Be Your Own Beer Baron: Exploring the Financial Potential of the “Revenue Share Deals”

Be Your Own Beer Baron: Exploring the Financial Potential of the “Revenue Share Deals”

For those harbouring dreams of entrepreneurial independence, the allure of owning a pub is undeniable. The image of bustling crowds, lively music, and happy customers enjoying your carefully curated selection of brews paints a picture of idyllic self-employment. But amidst the pints and merriment lies a crucial question: is it a financially sound venture? Enter the “Revenue Share Deals”, promising low initial investment and potentially big returns.

Yet before raising a toast to your future as a pub impresario, let's delve into the financial realities of this enticing opportunity first.

Owning the Buzz, Not the Business: The Appeal of “Revenue Share Deals”

Aspiring pub owners are often presented with turnkey solutions, providing pre-existing establishments complete with branding, staff training, and operational support. This eliminates the hefty upfront costs associated with building and running a leasehold or freehold business. It minimises the financial risks of starting a new business from scratch and maximises the returns, making it particularly appealing for newcomers to the hospitality industry.

Beyond the Bottom Line: Financial Considerations for Aspiring Pub Barons

While the potential upside is intriguing, financial prudence dictates a cautious approach. Here are some key factors to consider before stepping into your dream pub:

  • Employment costs: These constitute a significant chunk of your initial and ongoing fees from the pubco.
  • Lease agreements and rental costs: Be sure to understand the terms of your agreement including renewal options and notice periods.
  • Marketing and promotion: Standing out in a competitive market requires a strategic marketing plan and budget allocation.
  • Personal financial health: Ensure you have a solid financial cushion to weather potential dips in revenue or other unforeseen expenses.

Let’s crunch some numbers!

Here's a practical example to illustrate the financial implications of different pub agreements:

Consider a town centre pub with weekly net income of £20,000, with 30% attributed to food sales and 70% to drink sales. We'll analyse scenarios alongside an estimate for running the pub under a traditional tenancy agreement.

Deal 1: Involves receiving 20% of drink sales and 35% of food sales, with additional costs to be covered by you.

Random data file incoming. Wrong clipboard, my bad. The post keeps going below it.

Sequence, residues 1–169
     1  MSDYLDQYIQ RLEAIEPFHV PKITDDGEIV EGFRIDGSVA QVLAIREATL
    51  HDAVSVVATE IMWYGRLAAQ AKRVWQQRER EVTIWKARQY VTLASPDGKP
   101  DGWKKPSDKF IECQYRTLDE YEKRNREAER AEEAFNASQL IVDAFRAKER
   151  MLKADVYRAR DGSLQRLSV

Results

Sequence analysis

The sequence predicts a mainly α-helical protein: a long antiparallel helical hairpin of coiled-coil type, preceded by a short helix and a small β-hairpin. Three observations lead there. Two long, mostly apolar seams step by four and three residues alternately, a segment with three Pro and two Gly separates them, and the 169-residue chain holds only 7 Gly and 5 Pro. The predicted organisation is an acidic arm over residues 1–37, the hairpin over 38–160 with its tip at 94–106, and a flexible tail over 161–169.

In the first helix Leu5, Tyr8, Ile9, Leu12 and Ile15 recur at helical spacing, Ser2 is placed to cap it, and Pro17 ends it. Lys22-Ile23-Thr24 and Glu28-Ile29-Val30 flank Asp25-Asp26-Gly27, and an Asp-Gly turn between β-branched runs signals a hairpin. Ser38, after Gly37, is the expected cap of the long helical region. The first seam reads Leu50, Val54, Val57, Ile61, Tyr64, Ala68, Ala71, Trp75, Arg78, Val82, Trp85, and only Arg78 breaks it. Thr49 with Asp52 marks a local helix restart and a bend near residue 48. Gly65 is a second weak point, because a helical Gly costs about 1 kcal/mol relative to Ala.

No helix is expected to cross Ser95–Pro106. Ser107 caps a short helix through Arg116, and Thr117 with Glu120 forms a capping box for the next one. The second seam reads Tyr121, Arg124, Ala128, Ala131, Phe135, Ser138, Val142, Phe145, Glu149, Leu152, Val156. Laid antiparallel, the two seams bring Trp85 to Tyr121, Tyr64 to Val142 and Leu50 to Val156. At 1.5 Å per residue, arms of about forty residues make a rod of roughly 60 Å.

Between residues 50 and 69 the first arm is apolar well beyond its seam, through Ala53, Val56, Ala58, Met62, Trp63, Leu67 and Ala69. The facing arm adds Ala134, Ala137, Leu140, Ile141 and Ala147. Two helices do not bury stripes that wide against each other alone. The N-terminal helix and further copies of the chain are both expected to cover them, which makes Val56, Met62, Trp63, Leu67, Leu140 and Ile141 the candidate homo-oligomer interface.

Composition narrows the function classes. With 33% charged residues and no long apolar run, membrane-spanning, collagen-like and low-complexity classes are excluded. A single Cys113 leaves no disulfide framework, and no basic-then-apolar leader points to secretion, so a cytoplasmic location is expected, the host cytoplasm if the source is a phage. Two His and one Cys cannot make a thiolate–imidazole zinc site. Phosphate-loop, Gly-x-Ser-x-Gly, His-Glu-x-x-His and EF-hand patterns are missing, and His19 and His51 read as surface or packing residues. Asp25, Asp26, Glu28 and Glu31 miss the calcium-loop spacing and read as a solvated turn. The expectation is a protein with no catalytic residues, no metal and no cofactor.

Deal 2: Offers 27.5% of total sales with minimal expenses for you.
Tenancy – A traditional agreement with rent agreed and costs based on using industry benchmarks.

As you can see, Deal 1 may seem promising but it would only remain viable if you were to run the pub with below-average labour costs. In contrast, Deal 2 presents a stable weekly net return of £760 with minimal risk, as all costs are covered by the pub company.

Additionally, a lease capable of generating £20k per week will be highly sought after. With potential returns of £1290 per week, your initial investment could be significant. However, while this lease deal emerges as the top performer, success still relies on your ability to efficiently manage the business and control costs tightly. With this deal, you will need to carefully consider the risk v reward.

And it's not all about the numbers - it's essential to note that pub companies often invest in the business up front as they do their managed houses, sometimes even lowering your initial investment requirements to as low as £5000. Nevertheless, always consider the notice period for these deals.

A Calculated Pint: Seeking Counsel Beyond the Bar

Navigating the financial intricacies of a pub agreement isn't a task for one. Consulting with an experienced accountant who understands the nuances of the hospitality industry can prove invaluable to your success. Here's how they can assist:

  • Analyse the agreements and contracts.
  • Develop a sustainable financial plan and budget.
  • Guide you on tax implications and compliance.
  • Offer ongoing financial advice and support.
  • Bonus: They are likely to know the pub company or even the pub!

Cheers to Calculated Success: The Takeaway

While owning a pub on a revenue share deal offers potential lucrative returns, it's not a guaranteed shortcut to financial freedom. Careful planning, realistic expectations, and expert guidance are keys to unlocking the doors to profitability and long-term viability. So before raising a toast to your pub empire, ensure you understand the numbers, risks, and rewards. With diligent planning and strategic execution, you can transform your entrepreneurial dreams into a thriving reality- one pint at a time.

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